Artist Interview: Andrew Rice
Andrew Rice has evoked emotions of protection and isolation through paintings that remind one of shell-like environments. Rice conveys a feeling of protection—while also asking that we recognize how easily protection can be a barrier from accessing new experiences in our surrounding world. Mixing his talents of printmaking, drawing and painting, Rice invites his audience to experience the various levels of depth, light, darkness and opportunities within his collected work, (re)Structured.
Originally from Colorado, Rice has been practicing his trade since he was very young, but has honed his talents in college. “It was a trajectory I kind of set myself on in high school, even though I wasn’t really active,” he says. “It was different modes of intensity.” Currently, he lives in Utah and teaches classes on printmaking and drawing at the University of Utah. “What I try to tell my students is though it may seem like [screen printing and drawing] comes easier to to some people than others, it’s a learned practice,” he says. “Talent plays a part, but talent—no mater what—is a reflection of the time and energy you put into something. If it’s something that doesn’t interest you, you’re not going to be putting that time and energy into it.”
Rice’s time and labor are certainly displayed in his 3D, oil-stick project. His pieces typically take a month to finish, depending on the size of the canvas and project. For instance, two of the (re)Structured pieces were started in January of this year. “I work on pieces in tandem,” he says. “I’m not just focused on one at a time. It’s more spread out.” Rather than thinking of individual pieces having a theme, Rice tends to work more with overarching themes that work together to invoke emotion. For this specific collection, he was particularly interested in the juxtaposition between protection and barriers. “Take for instance, this table between us,” he says. “It separates us and provides a barrier, but it prevents another layer of connection in many ways. These man made constructions that keep us comfortable also keep us isolated in a way. It prevents our access to surrounding environments. I wanted to address that idea, but in a different way.”
However, Rice’s work isn’t completely about barriers. Within each painting are streaks of light, door-like structures or open staircases. These small, but important, areas of light lend hope to the observer—hope for access, opening a new door or freedom. “That’s one of the best parts about making those pieces and it’s about the only decision I make going into the piece,” he says. “The first thing I do is block off where those spaces will be. I mark them with tape. Then I start with color at the base—let it dry. Add some layer. Black everything out and throw some color on. Black it out again. Very literal layers are what I reference conceptually—layers deep. Something that exists below the surface. And when it’s all said and done, I pull the tape away. Watching the space reveal itself, and watching those doorways suddenly appear—that’s the best part. It’s a literal reveal. And it’s a moment of personal happiness.”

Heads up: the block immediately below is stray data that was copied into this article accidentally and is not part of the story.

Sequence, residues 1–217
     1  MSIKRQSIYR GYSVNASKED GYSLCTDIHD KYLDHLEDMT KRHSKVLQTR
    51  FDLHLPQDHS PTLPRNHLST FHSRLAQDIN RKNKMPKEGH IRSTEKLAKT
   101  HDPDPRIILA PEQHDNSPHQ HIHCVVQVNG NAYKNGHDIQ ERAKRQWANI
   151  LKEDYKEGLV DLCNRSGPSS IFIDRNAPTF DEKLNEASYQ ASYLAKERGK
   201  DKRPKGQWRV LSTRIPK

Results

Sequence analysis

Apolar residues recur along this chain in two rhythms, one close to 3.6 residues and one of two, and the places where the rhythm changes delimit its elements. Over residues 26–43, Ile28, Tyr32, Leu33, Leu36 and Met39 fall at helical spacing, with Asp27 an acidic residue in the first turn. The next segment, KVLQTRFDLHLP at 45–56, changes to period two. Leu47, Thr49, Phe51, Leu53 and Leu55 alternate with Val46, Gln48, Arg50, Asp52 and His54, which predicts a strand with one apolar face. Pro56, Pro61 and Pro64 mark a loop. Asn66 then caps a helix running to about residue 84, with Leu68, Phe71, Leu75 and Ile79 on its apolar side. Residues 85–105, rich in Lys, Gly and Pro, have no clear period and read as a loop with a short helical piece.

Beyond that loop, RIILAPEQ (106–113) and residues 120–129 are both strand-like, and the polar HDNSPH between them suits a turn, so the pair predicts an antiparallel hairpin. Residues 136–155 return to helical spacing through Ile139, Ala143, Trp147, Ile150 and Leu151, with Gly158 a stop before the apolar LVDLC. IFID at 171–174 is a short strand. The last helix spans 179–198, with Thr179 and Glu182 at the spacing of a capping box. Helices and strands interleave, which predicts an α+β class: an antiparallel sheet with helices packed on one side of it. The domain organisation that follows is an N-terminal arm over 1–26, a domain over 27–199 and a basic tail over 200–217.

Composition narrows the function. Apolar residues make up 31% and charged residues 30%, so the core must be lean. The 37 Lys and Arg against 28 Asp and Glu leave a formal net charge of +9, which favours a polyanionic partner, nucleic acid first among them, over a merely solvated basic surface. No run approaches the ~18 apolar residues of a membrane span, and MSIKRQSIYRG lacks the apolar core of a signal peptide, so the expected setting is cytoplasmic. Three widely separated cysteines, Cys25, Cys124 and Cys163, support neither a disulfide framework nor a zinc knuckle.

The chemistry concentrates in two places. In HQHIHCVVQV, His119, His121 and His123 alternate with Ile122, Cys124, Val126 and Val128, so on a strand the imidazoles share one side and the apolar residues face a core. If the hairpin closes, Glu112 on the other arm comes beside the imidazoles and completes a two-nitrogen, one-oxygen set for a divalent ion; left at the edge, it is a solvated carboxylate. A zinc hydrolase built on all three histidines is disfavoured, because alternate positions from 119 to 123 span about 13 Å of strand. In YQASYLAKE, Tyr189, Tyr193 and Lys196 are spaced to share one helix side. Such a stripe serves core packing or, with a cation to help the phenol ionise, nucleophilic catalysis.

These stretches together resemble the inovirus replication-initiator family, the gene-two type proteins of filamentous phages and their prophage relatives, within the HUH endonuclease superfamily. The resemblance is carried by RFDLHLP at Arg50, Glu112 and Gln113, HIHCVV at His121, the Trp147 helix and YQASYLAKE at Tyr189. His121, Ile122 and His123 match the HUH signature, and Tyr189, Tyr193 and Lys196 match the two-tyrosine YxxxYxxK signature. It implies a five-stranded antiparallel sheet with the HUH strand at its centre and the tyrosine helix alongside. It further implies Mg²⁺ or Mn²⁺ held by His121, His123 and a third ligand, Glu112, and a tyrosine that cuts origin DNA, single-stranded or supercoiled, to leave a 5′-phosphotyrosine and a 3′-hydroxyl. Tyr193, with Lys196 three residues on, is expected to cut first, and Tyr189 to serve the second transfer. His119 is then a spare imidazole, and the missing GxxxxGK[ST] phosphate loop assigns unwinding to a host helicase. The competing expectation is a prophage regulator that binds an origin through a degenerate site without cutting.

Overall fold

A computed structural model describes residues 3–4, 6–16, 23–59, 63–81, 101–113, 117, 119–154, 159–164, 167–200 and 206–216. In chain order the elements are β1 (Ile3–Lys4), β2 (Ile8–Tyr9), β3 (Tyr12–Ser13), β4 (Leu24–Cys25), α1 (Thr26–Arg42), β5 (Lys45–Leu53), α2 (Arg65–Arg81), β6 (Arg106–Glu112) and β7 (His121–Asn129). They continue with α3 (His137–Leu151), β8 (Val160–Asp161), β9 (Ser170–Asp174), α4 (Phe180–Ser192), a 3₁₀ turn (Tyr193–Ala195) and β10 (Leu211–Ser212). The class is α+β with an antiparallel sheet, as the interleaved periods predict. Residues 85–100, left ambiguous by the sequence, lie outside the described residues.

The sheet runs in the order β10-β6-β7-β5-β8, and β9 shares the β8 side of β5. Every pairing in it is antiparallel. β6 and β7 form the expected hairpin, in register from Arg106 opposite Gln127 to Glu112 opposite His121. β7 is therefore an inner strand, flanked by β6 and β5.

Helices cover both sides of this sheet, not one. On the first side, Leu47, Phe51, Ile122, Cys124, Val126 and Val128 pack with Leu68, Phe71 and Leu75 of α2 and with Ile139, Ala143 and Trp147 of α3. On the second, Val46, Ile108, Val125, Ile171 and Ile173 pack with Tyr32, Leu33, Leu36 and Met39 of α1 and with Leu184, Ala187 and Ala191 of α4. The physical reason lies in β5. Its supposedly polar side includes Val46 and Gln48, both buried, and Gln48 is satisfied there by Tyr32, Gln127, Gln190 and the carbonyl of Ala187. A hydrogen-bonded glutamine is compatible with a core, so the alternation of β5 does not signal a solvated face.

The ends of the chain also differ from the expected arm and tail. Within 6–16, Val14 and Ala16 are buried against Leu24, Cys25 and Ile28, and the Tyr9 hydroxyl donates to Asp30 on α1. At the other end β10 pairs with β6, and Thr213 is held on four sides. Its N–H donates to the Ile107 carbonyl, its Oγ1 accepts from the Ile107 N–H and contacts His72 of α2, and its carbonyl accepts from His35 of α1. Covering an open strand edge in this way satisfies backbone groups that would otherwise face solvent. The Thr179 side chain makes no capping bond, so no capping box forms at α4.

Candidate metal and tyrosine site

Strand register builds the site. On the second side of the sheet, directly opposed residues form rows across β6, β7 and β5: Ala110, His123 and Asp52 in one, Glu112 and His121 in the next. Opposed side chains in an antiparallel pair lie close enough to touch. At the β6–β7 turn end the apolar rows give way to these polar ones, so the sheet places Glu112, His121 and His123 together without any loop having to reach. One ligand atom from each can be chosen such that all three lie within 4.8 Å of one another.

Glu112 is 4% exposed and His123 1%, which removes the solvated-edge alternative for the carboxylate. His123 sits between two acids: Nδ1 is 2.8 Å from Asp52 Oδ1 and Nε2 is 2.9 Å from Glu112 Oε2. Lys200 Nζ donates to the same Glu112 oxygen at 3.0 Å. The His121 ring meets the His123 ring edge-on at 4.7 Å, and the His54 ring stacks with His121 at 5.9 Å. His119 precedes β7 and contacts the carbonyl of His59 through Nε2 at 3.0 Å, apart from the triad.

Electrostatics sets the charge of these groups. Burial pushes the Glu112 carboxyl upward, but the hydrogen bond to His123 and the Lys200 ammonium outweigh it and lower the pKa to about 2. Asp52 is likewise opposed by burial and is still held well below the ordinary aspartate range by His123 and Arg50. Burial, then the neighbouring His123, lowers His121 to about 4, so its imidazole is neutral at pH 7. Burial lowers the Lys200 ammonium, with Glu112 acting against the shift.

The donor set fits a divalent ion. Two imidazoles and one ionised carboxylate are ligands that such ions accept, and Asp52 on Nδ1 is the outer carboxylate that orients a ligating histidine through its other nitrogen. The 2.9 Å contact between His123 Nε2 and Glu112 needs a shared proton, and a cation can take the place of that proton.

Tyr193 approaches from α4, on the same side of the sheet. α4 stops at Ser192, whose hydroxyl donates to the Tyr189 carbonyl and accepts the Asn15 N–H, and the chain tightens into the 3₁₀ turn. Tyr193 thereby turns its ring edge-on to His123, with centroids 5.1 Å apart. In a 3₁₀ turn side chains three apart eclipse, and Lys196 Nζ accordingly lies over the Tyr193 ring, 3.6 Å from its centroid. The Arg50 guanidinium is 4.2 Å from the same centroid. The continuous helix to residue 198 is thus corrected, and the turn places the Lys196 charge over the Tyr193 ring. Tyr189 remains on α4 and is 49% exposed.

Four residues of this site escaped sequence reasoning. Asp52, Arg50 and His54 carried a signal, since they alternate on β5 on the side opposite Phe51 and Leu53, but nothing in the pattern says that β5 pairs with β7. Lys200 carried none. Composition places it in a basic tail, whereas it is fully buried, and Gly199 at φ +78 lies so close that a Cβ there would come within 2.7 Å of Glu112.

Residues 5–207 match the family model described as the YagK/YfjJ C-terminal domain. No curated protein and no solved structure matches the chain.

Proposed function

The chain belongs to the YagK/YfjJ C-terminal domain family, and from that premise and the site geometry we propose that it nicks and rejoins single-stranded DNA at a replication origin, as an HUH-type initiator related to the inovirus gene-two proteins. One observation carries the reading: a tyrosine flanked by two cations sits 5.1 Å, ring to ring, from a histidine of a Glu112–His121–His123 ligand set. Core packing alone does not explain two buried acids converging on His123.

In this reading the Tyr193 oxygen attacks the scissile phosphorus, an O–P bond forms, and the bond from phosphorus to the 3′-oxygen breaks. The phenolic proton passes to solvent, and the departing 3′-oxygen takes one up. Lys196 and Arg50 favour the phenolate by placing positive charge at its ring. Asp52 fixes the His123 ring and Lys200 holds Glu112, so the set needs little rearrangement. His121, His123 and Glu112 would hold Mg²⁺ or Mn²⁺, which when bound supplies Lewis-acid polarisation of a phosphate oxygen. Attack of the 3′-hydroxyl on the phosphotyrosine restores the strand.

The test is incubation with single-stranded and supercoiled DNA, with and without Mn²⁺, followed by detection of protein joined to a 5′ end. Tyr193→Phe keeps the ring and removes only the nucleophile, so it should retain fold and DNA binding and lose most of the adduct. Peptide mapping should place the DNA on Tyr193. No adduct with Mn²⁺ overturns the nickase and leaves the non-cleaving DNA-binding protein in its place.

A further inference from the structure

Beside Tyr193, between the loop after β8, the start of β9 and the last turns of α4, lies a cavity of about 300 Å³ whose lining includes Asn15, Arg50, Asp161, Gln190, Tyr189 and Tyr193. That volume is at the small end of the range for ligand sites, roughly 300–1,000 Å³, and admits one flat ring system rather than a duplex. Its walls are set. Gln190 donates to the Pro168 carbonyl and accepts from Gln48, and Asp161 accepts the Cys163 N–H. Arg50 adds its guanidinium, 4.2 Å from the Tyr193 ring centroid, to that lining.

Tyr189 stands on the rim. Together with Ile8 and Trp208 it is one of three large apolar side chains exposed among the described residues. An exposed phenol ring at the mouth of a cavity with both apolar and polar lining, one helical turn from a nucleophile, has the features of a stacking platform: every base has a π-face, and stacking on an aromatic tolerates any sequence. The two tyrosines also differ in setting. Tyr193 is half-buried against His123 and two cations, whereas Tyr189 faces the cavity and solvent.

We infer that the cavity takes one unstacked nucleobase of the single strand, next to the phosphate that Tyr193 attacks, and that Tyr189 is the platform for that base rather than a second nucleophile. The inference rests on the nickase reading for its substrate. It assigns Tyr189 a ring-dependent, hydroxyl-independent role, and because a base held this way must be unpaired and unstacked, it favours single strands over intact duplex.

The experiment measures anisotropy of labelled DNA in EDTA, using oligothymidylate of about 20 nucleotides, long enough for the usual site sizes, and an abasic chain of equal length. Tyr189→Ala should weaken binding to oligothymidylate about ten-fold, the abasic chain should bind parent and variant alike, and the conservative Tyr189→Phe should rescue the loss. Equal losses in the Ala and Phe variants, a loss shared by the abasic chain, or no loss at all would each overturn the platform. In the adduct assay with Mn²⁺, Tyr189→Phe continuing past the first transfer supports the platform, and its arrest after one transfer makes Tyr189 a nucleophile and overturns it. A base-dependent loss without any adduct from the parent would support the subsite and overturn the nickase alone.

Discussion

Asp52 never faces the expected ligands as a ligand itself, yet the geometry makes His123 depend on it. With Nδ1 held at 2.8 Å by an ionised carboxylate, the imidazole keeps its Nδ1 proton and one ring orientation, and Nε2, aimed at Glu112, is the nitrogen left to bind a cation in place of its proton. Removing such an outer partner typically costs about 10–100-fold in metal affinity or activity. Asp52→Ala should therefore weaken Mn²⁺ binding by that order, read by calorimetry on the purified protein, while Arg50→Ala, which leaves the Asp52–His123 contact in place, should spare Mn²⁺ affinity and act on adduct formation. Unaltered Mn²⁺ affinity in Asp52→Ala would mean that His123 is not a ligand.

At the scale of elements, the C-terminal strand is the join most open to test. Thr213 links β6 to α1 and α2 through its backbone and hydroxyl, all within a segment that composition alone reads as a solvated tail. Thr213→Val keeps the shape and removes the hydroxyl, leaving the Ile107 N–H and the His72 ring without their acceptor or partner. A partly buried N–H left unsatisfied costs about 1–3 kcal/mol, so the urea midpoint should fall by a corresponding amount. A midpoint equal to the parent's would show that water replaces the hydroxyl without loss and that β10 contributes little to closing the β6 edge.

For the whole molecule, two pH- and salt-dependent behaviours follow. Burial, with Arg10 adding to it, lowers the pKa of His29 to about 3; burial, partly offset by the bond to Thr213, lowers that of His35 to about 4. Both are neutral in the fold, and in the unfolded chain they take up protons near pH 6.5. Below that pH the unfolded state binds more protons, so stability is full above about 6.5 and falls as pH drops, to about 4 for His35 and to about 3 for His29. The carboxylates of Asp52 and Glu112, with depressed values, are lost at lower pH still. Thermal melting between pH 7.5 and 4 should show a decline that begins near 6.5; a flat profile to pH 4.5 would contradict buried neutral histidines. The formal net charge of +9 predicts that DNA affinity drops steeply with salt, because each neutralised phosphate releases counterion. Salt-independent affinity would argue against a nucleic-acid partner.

As an onlooker myself, I found personal happiness in those doorways and small moments of hope. Rice hopes that many of his spectators have similar experiences. “I wanted it to be where the audience felt that they could almost walk into the space,” he says. “It’s their passageway in a way. That they can feel the same sense of isolation, but also feel protected. How do you place yourself into this collection? Do you feel comfortable? Hostile? Are you walking into something—or out of something?”
These questions are brought up much in part to the specific mediums that Rice mixes, which create the 3D effect. “I couldn’t replicate that same look through a print, as much as I could try,” he says. “It’s the mixture of drawing-painting-print. For a lot of people, they can jump back and forth. But for me, the reason I wouldn’t pick one over another is because of those intrinsic qualities.” His idea for combining these mediums initially came from an inspiration and interested in artist, Richard Serra, who is famous for his oil stick paintings. “I went and saw a print of his, and the print had the ink pulled off the page a good 1/8 of an inch,” says Rice. “I still cannot figure out how he did that. So I started to try.” Much of his current inspirations come from his students. “Being an art educator at the college level, I’m constantly looking at new pieces and new artists and reacquainting myself with old artists,” he says.
As an educator, Rice believes that hard work trumps talent—and that if you want to be an artist, too, it is entirely possible. “I try to get my students to walk away with the knowledge that they’re going to look at art and design everywhere,” he says. “This picnic table, the street, urban architecture, city-scape layout—it’s all been touched by humans. I try to give my students appreciation and knowledge of that, to help break down any barrier they might have of feeling intimidated by a museum because they feel like they have to ‘get it.’ You don’t have to get it. It’s about appreciation.”
Andrew Rice’s (re)Structured will be on display at the Utah Museum of Contemporary Art from August 12 to October 8. Come explore this exhibit Tuesday–Thursday and Saturday, from 11 a.m. to 6 p.m. and Fridays from 11 a.m. to 9 p.m. in the Projects Gallery. To see more of Rice’s work, visit andrewriceart.com. –Alex Vermillion